Next let us look at the behaviour of this filter when it is fed with a sine wave signal \(x(n)=sin(2\pi f/f_s *n)\), where \(f_s\) is the sampling frequency. If \(f=f_s\) each increment of \(n\) will advance the sine over a full period. We are interested in all values of \(f<f_s/2\).

Instead of using the sine function we use the (imaginary part) of the complex function \(x(n) = exp(i*2\pi f/f_s *n)\). Substituting this in our filter equation we have

\(y(n) = exp(i*2\pi f/f_s *n) + 2*exp(i*2\pi f/f_s *(n-1))+ exp(i*2\pi f/f_s *(n-2))\), or

\(y(n)= x(n)*(1 +2*exp(-i*2\pi f/f_s) + exp(-2i*2\pi f/f_s)\)

Writing \(Z=exp(i*2\pi f/f_s)\) this can be written as \(y(n) = x(n)*\sum_{m=0}^2 b(n)Z^{-n}\) The ratio \(H(f)=y(n)/x(n)\) is called the *system function*.

If we have two signals \(x(n)\) and \(y(n)\) then the convolution of both is defined as \(x(n)\star y(n)= \sum_{m=-\infty}^{+\infty}x(m)y(n-m)\).

As mentioned before, if we have a LTI system then it can be described by its reaction \(h(n)\) to an input \(\delta(n)\). The reaction of that system to an arbitrary input \(x(n)\) will be the convolution of \(x(n)\) with \(h(n)\): \(y(n) = \sum_{m=-\infty}^{+\infty} h(m) x(n-m)\). Another way to look at this equation for LTI systems is as an operator equation: \(y(n)=O(x(n))\), which raises the question of this operator \(O\) having eigenfunctions and eigenvalues. By substitution of \(x(n)=e^{sn}\) we have \(y(n)=\sum_{m=-\infty}^{+\infty} h(m) e^{s(n-m)}=e^{sn}.\sum_{m=-\infty}^{+\infty} h(m) e^{s(-m)}=\lambda x(n)\). So \(x(n)=e^{sn}\) is an eigenfunction of \(O\) and the eigenvalue is \(\lambda = \sum_{m=-\infty}^{+\infty} h(m) e^{-sm}\). The eigenvalues as a function of \(s\) form the system function we used in the previous paragraph: \(\lambda(s)=H(s)\) and \(h(m)\) and \(H(s)\) are alternative forms to describe a LTI system.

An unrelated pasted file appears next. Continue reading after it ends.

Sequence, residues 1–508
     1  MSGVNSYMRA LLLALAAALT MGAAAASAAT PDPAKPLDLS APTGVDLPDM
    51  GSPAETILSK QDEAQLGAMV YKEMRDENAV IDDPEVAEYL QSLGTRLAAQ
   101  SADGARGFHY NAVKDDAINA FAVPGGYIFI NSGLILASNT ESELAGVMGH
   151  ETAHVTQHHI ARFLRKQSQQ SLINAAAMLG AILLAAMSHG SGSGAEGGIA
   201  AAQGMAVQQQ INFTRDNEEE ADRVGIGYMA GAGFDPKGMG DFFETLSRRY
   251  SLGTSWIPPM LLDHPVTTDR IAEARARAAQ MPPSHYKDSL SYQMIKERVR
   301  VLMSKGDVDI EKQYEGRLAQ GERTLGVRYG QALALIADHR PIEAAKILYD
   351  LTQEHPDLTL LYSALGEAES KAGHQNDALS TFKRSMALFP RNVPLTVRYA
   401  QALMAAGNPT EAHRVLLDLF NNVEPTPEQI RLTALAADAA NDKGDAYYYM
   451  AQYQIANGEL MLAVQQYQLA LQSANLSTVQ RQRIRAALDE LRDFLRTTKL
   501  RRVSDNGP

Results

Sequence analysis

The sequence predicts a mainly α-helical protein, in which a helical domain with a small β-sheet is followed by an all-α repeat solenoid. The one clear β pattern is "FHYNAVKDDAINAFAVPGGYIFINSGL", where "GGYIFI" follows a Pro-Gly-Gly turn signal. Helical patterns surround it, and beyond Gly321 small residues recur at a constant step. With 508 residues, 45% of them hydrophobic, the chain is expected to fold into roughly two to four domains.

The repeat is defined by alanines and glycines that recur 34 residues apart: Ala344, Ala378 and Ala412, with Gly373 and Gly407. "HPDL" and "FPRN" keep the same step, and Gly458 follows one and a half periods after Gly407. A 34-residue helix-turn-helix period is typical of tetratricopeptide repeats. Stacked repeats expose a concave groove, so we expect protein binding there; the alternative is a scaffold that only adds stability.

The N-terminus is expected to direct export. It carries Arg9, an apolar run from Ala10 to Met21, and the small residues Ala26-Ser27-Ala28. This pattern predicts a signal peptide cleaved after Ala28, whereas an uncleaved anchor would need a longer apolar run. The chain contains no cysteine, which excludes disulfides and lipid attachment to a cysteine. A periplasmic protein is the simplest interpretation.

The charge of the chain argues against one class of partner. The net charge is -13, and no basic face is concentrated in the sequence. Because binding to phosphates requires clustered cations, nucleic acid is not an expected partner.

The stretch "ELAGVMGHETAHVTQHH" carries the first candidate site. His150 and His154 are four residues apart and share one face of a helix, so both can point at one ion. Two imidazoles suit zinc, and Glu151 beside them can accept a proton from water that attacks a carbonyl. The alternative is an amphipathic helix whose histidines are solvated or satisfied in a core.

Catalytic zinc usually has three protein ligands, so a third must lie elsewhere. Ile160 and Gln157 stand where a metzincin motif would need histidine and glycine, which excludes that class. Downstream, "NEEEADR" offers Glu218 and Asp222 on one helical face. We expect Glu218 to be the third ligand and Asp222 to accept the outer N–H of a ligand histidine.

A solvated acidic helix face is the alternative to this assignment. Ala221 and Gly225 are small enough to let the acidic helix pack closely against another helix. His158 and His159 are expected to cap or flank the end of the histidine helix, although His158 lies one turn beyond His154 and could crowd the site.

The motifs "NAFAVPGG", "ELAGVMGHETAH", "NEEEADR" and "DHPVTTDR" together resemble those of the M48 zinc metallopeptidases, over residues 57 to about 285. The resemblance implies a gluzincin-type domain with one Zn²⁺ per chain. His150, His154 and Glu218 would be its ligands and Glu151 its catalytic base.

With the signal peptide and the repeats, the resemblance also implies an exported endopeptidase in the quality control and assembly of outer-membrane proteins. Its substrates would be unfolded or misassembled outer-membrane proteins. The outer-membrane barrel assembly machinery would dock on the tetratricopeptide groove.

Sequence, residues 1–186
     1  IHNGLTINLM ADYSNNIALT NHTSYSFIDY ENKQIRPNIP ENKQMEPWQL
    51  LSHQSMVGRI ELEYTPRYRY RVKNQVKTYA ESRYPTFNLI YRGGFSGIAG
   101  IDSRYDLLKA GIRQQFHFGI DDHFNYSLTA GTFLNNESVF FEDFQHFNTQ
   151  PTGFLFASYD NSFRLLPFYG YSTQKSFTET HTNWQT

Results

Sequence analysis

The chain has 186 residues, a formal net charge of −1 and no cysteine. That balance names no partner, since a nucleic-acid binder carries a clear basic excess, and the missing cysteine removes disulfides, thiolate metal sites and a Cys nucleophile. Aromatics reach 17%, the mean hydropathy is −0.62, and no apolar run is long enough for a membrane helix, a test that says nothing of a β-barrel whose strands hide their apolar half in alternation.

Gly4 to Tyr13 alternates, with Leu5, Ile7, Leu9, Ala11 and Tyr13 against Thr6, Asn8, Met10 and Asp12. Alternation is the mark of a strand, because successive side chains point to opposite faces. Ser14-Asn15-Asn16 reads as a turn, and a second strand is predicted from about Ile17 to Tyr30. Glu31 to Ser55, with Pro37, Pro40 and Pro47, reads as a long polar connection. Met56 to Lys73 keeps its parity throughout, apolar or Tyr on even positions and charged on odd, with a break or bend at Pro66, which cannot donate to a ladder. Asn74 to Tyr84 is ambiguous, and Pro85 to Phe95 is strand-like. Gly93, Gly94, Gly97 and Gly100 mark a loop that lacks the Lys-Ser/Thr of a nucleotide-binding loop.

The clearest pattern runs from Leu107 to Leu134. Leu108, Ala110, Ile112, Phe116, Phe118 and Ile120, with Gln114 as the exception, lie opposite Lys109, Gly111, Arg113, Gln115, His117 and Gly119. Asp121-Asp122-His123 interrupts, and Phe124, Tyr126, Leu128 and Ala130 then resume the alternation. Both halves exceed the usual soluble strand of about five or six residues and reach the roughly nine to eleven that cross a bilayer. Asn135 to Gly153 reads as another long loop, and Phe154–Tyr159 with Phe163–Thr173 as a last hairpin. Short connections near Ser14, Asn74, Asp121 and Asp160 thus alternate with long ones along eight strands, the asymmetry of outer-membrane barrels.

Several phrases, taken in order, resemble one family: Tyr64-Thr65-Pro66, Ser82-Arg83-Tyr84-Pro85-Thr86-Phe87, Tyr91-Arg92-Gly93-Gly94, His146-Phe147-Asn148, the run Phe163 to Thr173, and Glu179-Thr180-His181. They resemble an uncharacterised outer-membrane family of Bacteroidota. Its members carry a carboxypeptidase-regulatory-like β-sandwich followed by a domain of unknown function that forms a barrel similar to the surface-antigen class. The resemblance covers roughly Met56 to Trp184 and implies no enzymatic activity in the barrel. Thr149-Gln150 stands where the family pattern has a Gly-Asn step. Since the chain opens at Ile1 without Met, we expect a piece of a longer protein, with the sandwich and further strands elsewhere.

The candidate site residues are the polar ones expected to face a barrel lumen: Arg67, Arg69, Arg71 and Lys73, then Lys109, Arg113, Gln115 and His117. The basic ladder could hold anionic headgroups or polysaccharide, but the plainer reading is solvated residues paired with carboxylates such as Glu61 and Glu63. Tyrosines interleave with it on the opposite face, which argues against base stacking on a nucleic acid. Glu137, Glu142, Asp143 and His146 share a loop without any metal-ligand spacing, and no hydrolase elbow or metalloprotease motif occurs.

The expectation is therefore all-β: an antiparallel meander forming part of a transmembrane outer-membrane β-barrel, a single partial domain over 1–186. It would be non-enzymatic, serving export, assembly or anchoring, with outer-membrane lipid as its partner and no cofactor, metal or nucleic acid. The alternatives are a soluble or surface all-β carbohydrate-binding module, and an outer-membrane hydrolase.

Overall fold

If we have a signal \(x(n)\) then the (one-sided) Z-transform of the signal is defined as: \(Z(x(n))= \sum_{n=0}^{\infty} x(n)z^{-n}\).

The Z-transform is a mapping from the space of discrete-time signals \(x(n)\) to the space of functions defined over (some subset of) the complex plane (the ‘z’-plane). The Z-transform has a reverse transform.

If we define \(H(s)\) also for complex \(s\) then we see that \(H(z)=Z(h(n))\), so \(H(z)\) is the z-transform of \(h(n)\).

Examples of Z-transforms: 1. \(x(n)=\delta(n)\) has \(Z(x(n))=1\) 2. \(x(n)=\delta(n-k)\) has \(Z(x(n))=z^{-k}\) 3. \(x(n)={-5, 6^*, 0, 4}\) has \(Z(x(n))=-5z+6+4z^{-2}\) In this example the \(6\) has a star to indicate that \(x(n)\) has this value at index 0. 4. \(x(n)=\frac{3}{5}^n\ u(n)\) has \(Z(x(n))=1/(1-\frac{3}{5}z^{-1})\) Here \(u(n)\) has the value 1 for all \(n \ge 0\). The Z-transform is the sum of a geometric sequence.